This example illustrates how to use modeling for rapid exploration of design space in the hybrid and electric aircraft area and compare the results to design criteria. This process can reduce the number of design iterations and ensure that the final design meets system-level requirements.
Hybrid and electric aircraft are areas of aggressive development in the aerospace industry. To accelerate the process of choosing between hybrid and pure electric power systems, select power network architectures, and size electrical components, consider using simulation with MathWorks products.
Using preconfigured simulation configurations, this example shows the tradeoffs between battery sizes for a pure electric or hybrid electric power system, with and without payloads. It includes the Pipistrel Alpha Electro and NASA X-57 Maxwell aircraft. Implemented as a project, the example provides various shortcuts that you can use to experiment with simulation.
The Aircraft block specifies the aircraft compared in the project:
Pipistrel Alpha Electro, a preconfigured model of the world's first two-seat pure electric training aircraft.
NASA X-57 Maxwell, a preconfigured model of the NASA X-57 Maxwell aircraft, an experimental electric aircraft.
Custom, an aircraft that you can model according to your specifications.
In the Aircraft block, each aircraft is modeled as a 4th Order Point Mass (Longitudinal) in flight, with the required thrust output as a load on the motor. This abstract model assumes that the pilot takes the actions necessary to follow the mission.
You can specify several aerodynamic characteristics for the selected aircraft, including empty and maximum mass, wing area and lift curve values, a drag coefficient, and target speeds for the climb, cruise, and descent portions of the mission. The block uses these values, along with the mission altitudes, to create lookup tables for angle of attack (alpha) and thrust, given atmospheric density, target speed, and flight profile angle (gamma). At every point along the flight, the lookup tables return alpha and thrust for input into the 4th-order Point Mass block, which calculates the accelerations. By holding alpha and thrust at the calculated, steady-state values, the actual speed quickly reaches the desired speed. The Aircraft block also defines the climb and descent rates for the mission.
The Mission Profile block sets the airport and cruise altitudes and the total flight distance. If entered values are not feasible, such as a distance too short for the aircraft to climb to and descend from the requested cruise altitude, then the values are adjusted, and a message describes the change. To see how far the aircraft can fly until it runs out of battery power, enter a long total flight distance.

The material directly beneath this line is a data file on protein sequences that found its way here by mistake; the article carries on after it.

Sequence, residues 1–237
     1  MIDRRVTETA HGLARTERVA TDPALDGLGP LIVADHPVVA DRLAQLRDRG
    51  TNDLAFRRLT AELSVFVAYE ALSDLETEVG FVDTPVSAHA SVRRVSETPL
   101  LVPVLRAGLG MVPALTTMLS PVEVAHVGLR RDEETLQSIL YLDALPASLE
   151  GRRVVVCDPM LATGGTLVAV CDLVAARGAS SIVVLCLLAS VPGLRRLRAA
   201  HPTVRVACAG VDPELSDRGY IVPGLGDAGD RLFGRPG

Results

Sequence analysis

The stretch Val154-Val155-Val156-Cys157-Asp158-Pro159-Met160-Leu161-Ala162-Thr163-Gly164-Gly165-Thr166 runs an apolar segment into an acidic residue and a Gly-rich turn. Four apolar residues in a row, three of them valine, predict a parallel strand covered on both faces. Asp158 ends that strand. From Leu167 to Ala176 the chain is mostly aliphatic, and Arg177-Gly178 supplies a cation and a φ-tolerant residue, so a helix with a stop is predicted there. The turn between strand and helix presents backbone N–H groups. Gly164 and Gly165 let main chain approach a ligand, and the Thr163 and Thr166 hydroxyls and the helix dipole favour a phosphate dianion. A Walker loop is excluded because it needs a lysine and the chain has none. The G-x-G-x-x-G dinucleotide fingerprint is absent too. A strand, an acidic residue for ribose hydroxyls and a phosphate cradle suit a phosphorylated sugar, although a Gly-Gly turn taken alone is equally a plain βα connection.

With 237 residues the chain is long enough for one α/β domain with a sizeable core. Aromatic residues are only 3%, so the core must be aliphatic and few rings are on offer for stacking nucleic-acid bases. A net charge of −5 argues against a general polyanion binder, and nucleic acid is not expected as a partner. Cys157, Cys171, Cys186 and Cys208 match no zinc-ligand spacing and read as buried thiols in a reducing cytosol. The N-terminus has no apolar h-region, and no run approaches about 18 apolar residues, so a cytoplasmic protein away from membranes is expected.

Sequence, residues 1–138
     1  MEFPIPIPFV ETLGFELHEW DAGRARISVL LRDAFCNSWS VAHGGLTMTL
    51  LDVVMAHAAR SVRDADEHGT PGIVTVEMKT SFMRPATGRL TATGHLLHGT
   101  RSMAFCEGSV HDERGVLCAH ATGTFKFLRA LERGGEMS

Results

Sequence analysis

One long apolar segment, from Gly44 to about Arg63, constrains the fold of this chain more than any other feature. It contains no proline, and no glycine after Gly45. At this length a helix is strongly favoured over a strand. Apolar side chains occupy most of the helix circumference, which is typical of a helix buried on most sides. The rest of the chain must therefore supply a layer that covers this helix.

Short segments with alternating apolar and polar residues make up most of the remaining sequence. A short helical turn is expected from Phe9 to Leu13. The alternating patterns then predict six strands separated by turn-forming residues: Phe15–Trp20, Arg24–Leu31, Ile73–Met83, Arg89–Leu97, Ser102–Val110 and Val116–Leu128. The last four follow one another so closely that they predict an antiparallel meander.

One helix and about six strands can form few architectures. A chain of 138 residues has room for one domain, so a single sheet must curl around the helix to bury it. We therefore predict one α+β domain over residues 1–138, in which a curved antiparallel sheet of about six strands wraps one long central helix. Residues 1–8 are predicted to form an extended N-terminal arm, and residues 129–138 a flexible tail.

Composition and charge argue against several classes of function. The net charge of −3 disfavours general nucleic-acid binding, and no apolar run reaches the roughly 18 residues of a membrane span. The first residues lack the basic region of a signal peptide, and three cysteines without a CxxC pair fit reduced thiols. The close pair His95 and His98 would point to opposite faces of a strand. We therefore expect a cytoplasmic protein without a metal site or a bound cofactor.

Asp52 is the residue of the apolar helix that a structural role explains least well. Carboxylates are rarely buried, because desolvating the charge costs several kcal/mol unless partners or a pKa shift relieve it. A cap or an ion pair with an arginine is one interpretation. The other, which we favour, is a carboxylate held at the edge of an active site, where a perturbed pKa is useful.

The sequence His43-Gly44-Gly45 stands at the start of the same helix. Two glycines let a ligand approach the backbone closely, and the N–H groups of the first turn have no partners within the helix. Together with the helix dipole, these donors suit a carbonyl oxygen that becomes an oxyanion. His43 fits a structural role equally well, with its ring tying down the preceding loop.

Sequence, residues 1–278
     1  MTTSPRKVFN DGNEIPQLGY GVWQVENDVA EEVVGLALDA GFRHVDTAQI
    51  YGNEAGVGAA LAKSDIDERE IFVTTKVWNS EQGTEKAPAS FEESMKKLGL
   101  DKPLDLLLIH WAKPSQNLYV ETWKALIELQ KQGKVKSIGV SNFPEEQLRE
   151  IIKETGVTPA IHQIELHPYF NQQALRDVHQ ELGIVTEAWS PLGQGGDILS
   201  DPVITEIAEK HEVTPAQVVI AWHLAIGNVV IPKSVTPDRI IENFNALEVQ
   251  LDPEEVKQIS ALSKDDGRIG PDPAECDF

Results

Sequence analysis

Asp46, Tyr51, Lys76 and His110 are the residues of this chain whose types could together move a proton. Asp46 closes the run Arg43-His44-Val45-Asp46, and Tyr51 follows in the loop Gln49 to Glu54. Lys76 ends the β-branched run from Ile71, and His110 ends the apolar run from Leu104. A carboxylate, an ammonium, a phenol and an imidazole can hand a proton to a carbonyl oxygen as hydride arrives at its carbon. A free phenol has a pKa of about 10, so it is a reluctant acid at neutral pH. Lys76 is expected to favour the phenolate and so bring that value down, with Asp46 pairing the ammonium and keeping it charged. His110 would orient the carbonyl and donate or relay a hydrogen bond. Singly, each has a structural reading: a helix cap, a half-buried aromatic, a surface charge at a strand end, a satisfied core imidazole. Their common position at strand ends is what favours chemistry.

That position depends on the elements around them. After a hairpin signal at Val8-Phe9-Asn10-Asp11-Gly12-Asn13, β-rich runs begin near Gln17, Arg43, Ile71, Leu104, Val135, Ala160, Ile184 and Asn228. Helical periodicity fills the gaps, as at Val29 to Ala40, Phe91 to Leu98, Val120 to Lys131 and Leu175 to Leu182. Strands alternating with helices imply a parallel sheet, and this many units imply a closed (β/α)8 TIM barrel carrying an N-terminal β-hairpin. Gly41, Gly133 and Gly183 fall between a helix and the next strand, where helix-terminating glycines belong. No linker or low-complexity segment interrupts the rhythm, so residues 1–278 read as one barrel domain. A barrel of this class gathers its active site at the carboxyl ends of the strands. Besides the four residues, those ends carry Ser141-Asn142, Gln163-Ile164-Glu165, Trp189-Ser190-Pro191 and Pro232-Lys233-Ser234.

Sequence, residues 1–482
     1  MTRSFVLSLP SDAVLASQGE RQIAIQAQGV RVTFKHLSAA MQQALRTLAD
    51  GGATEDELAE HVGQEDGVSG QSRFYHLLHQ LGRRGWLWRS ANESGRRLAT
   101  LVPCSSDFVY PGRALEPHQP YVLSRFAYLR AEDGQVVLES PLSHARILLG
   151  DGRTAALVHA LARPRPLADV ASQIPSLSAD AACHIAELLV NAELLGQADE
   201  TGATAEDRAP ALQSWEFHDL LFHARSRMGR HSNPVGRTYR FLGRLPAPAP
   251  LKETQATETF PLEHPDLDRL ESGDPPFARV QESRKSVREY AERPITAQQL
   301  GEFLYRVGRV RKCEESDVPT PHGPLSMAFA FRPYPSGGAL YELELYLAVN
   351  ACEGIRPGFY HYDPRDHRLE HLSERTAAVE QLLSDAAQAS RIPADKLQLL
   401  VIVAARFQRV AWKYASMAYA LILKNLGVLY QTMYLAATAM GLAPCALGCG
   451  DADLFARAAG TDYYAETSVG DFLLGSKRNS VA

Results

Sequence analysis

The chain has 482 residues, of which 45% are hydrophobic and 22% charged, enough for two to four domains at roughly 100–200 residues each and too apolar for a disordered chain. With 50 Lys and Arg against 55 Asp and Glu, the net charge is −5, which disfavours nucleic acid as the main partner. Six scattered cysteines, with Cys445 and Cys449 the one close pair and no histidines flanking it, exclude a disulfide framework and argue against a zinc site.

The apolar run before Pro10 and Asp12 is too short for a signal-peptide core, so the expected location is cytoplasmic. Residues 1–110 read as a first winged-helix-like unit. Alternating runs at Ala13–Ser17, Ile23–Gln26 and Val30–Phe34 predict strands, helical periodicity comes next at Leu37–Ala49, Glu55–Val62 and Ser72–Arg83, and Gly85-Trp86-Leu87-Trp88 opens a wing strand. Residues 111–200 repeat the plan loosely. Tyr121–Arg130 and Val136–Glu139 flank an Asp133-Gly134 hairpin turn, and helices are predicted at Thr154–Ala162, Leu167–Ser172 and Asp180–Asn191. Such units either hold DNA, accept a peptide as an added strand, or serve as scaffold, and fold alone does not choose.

The Environment block calculates the air density at the chosen altitudes using the COESA Atmosphere Model.
By default, the Aircraft block is configured for the Pipistrel Alpha Electro aircraft. To see the performance of this aircraft with default settings, run the model using the "Single Run" project shortcut. The Pipistrel is run with no payload.
Two figures display showing the battery states, current, and power levels during the flight. Two scope windows show the mission progress (altitude and airspeed), power output, and energy used. Note, the battery runs out of capacity (reaches 20 amp-hours) before the entire mission is completed.
To capture the data created by a simulation, the example uses the Simscape Data Logging (Simscape) capability. The various simulation cases provided by the project shortcuts run scripts that run the desired cases and then extract the results from the Simscape log to create the figures. For aircraft with more than one electric motor, the total required torque calculated by the Aircraft subsystem is divided by the number of motors before being passed to the Power subsystem. The criteria to stop the simulation,
batteryCapacityMin, is adjusted up from 20 amp-hours accordingly.
The Pipistrel is designed as a primary flight trainer. The default mission configured for the model might not be the typical mission for the Pipestrel. Modify the mission to cruise at 3000 instead of 9000 feet, and then make a single run to see the effect of this change (duration decreases).
To run the Pipistrel with a 165 pound payload, use the "Set Payload Mass" shortcut, then run the model again. To see the effect of a range of payload values, use the "Sweep Payload Mass" shortcut. This shortcut varies the payload from 0 to 330 pounds. The sweeps produce different figures, showing the flight time and range for the swept parameter. Each marker represents one simulation. Hover your mouse over a marker to see its payload mass ("X") and flight range or duration ("Y") values.
To see how the flight range is affected by the battery size, use the "Sweep Battery Size" shortcut. The shortcut varies the capacity from 60 to 160 amp-hours (or 100 to 200 amp-hours if the X-57 is selected). The example assumes the battery mass to be linearly proportional to its capacity, so increasing its capacity increases its mass as well. If the payload is set large enough (over 183 pounds for the Pipistrel), this increase in battery mass can cause the largest battery in the sweep to put the aircraft over its maximum mass value (e.g. 1212 pounds for the Pipistrel). The